Go Greek: Grape Molasses Cake Recipe

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If it's Greek food you're craving, columnist, critic, author and restaurant consultant Diane Kochilas should be among the first names that come to mind. She recently enlightened us on the use of petimezi, an ancient sweetener made from fermented grape molasses and loaned us her recipe for petimezopita from one of the many, many cookbooks she's written.

It's funny how recipes travel. Petimezopita is a cake I've been making for years, waiting anxiously every September for a supply of petimezi (grape molasses) from friends on Ikaria who make wine and go to the trouble to take the must, clarify it and boil it down to syrup. One afternoon while I was visiting my friend Eleni, whose husband makes wine on a large and gorgeous estate in Pygi in the center of the island, she served us chocolate petimezopita cupcakes, of all things, and said, "You know, I used your recipe!" So, here is my recipe, reworked with Eleni's twist, to make something modern out of something utterly traditional and old-world.

The petimezi has a subtle sweetness, nowhere near as cloying as either honey or sugar. The result is a dense, dark cake that is moist and faintly reminiscent of the smell of grapes as they ferment.

Reprinted with permission from Ikaria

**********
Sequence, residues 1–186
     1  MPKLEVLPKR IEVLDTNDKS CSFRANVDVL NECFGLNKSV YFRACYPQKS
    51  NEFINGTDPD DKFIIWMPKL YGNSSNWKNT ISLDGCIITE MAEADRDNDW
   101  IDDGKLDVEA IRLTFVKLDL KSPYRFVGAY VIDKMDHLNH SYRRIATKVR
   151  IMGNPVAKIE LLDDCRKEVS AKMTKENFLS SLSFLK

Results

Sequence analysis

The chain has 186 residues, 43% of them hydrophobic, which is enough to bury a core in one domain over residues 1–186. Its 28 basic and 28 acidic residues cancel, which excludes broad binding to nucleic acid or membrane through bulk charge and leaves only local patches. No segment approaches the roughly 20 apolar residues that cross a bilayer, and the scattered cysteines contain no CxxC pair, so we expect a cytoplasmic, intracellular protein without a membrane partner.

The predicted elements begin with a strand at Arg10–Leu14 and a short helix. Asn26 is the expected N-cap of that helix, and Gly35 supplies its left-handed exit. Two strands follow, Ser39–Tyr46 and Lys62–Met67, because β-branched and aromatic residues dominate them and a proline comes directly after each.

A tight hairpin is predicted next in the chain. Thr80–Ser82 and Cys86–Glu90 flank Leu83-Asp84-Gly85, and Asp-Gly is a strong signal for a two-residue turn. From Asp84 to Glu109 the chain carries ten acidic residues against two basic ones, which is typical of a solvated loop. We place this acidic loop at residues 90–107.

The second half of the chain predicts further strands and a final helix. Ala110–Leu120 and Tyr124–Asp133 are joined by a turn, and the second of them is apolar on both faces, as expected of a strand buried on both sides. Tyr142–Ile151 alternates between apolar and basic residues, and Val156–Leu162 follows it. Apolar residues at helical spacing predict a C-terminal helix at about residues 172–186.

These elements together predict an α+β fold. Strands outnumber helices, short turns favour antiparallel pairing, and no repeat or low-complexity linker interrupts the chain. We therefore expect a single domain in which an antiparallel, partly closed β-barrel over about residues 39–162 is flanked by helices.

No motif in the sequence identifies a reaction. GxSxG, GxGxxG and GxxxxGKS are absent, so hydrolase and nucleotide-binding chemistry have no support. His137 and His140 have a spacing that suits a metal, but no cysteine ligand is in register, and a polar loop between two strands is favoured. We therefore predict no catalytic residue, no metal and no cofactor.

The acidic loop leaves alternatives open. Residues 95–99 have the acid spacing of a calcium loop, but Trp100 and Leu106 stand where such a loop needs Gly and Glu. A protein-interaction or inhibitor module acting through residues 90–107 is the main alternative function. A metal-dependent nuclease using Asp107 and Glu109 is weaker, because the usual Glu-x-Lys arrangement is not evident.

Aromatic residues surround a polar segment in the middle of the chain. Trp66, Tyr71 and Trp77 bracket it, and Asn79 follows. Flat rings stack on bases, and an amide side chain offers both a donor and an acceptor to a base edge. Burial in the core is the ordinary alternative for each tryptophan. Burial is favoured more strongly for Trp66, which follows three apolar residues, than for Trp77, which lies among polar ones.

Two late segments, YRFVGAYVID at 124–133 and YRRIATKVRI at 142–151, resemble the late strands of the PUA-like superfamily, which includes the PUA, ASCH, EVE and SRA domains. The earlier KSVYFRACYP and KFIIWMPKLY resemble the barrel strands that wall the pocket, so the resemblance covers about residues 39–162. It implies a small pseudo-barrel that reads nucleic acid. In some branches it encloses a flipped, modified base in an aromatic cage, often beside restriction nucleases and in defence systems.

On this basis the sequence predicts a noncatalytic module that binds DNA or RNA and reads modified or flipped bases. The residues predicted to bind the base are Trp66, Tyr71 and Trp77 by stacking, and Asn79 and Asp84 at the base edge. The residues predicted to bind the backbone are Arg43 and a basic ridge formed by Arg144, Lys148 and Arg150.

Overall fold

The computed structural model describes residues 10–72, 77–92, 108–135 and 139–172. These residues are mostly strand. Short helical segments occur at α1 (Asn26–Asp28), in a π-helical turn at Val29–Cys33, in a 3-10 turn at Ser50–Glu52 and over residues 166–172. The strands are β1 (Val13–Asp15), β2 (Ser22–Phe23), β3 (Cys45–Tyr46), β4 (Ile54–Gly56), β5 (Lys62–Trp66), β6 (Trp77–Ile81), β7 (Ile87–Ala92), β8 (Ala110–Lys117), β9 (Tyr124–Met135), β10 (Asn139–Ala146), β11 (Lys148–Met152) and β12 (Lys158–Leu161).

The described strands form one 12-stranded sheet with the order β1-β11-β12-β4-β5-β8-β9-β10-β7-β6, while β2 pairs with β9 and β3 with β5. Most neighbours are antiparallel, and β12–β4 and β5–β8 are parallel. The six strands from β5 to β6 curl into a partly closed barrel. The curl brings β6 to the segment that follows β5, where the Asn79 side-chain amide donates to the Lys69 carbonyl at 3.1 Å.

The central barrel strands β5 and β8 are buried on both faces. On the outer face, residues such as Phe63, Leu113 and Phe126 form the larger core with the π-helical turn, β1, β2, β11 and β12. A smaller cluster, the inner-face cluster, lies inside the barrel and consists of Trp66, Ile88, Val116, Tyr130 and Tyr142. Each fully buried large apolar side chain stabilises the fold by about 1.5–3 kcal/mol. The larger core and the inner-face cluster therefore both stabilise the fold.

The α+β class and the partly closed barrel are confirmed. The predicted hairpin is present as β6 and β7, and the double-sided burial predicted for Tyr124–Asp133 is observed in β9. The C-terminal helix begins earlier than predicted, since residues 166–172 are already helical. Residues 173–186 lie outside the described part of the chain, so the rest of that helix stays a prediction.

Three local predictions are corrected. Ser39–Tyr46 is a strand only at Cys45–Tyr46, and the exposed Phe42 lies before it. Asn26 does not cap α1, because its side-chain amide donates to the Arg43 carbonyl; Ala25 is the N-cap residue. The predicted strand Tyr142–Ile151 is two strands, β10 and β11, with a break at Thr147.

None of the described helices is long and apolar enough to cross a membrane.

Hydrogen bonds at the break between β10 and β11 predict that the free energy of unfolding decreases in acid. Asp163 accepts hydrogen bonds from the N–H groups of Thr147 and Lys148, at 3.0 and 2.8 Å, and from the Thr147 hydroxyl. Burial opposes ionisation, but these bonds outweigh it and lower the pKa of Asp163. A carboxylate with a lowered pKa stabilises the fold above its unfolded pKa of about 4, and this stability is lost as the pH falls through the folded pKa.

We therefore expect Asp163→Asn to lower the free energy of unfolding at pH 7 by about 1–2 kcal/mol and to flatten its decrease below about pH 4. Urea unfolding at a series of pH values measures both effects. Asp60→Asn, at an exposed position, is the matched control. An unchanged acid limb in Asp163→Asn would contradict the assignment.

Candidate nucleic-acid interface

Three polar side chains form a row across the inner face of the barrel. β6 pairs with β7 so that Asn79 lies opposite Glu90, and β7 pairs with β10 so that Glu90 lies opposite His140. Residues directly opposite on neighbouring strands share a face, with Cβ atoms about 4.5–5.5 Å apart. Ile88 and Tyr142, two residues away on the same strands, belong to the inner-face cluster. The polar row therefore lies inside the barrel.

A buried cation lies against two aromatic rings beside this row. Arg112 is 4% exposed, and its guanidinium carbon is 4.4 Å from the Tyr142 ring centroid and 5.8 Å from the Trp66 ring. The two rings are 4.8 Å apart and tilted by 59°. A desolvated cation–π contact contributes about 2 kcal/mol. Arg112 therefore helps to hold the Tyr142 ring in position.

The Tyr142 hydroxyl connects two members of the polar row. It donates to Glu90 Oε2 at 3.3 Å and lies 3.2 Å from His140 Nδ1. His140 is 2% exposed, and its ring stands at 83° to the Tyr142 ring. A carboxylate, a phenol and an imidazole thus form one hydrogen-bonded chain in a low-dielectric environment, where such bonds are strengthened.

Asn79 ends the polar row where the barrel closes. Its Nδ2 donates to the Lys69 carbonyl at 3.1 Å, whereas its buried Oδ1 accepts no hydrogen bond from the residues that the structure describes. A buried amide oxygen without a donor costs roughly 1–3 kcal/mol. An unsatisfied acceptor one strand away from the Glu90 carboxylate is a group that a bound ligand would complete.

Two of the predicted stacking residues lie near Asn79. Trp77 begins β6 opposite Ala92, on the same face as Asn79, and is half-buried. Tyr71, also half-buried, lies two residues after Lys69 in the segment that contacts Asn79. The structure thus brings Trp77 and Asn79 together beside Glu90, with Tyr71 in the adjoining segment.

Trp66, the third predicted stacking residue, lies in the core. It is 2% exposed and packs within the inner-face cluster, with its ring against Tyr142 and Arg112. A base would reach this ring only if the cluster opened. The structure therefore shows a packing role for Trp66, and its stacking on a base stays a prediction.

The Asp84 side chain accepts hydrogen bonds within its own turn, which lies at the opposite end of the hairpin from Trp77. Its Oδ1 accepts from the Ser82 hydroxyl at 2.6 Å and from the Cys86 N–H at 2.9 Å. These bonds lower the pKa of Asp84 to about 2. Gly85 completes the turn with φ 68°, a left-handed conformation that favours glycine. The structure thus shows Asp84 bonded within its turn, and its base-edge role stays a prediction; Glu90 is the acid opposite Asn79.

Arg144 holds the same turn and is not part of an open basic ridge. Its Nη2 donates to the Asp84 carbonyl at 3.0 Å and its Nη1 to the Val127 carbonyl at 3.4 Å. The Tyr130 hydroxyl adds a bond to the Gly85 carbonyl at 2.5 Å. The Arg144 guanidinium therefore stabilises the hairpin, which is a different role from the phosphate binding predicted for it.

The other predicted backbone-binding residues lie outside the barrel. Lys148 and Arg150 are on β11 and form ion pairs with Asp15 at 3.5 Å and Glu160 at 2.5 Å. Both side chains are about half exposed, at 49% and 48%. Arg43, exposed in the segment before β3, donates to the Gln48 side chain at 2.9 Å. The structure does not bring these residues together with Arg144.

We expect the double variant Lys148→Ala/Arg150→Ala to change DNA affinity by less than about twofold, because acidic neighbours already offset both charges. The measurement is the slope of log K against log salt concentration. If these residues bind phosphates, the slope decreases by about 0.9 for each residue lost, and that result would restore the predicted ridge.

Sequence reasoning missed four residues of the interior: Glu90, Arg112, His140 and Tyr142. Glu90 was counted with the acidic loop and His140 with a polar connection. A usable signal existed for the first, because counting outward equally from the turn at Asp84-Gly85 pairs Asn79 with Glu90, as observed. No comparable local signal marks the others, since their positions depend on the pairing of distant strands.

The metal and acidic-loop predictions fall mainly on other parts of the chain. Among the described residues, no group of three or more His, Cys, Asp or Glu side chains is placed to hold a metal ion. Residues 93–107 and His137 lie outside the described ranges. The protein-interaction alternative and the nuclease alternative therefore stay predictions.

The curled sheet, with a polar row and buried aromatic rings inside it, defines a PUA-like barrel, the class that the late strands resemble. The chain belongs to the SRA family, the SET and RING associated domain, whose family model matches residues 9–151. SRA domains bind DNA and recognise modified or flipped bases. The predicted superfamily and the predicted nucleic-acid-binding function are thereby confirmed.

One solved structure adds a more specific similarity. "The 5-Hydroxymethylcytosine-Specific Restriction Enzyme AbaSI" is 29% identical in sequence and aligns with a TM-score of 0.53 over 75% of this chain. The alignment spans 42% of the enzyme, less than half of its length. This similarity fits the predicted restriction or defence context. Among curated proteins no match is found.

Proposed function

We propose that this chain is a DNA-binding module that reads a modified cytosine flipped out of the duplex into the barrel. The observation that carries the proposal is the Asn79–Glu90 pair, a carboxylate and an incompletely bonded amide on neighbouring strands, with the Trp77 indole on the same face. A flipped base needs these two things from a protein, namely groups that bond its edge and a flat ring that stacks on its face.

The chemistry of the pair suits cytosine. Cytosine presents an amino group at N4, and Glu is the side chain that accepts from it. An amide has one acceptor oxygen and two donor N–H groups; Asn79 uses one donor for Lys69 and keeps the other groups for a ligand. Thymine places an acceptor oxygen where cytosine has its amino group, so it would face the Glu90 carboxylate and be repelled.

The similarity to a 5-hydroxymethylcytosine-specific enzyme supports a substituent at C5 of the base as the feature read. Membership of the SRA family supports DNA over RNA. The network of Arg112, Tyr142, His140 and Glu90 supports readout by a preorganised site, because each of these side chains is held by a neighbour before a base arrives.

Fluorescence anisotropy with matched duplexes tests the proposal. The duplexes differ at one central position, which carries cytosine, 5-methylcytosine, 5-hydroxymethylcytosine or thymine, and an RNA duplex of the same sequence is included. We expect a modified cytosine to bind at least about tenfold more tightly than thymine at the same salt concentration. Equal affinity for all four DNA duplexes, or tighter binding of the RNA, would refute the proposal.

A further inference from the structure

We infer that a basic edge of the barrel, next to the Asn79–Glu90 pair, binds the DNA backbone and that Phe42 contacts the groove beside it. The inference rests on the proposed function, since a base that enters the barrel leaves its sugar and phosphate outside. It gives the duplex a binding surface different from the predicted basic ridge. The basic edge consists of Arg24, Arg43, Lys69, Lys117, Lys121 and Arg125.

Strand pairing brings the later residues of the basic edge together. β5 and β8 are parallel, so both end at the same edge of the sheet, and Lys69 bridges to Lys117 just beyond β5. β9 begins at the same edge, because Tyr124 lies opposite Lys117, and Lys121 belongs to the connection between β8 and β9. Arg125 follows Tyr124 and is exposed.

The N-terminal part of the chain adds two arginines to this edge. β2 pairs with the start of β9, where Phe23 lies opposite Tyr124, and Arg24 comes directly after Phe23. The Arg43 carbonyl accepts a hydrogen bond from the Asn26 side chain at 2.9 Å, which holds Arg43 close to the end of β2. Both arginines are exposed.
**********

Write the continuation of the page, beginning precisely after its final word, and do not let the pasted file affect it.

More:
Go Greek: Grape Molasses Cake Recipe
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- 8
  • 1 cup water
  • 1 cinnamon stick
  • 5 whole cloves
  • 1 cup Greek extra virgin olive oil
  • 6 tablespoons brown sugar
  • 1 1/2 cups petimezi (grape molasses)
  • grated peel and juice of 2 large oranges
  • 1/4 cup Greek tsipouro
  • 1 teaspoon baking soda
  • 5 - 6 cups all purpose flour
  • 1 cup dark chocolate chips
  • 2 tablespoons granulated sugar
  • 1/2 cup sesame seeds
  1. Preheat the oven to 350°F.
  2. Lightly oil a 12-inch springform pan or 12 cups of a muffin tin.
  3. In a small pot, combine the water, cinnamon stick and cloves and bring to a boil over medium heat.
  4. Turn off the heat and let the spices steep for 15 minutes. Strain.
  5. In a stand mixer fitted with the whisk attachment, whip the olive oil and brown sugar together until fluffy.
  6. Add the spice water, petimezi, orange peel and tsipouro (or ouzo or grappa). Mix well.
  7. Dissolve the baking soda in the orange juice and stir into the petimezi mixture.
  8. Sift 5 cups of flour into a medium bowl. Gently whisk the flour into the petimezi mixture. If the batter is loose, add a little more flour.
  9. Stir in the chocolate chips, if using and scrape the batter into the springform or muffin cups. Toss the granulated sugar and sesame seeds together and sprinkle over the cake.
  10. Bake until a toothpick inserted in the center comes out clean, 50 minutes for the cake, 40 to 45 minutes for the cupcakes.
  11. Serve the cake as is, or with a bit of petimezi or chocolate syrup drizzled over or around it. Serve the cupcakes, if making, the same way. Petimezopita is delicious with vanilla ice cream, too.
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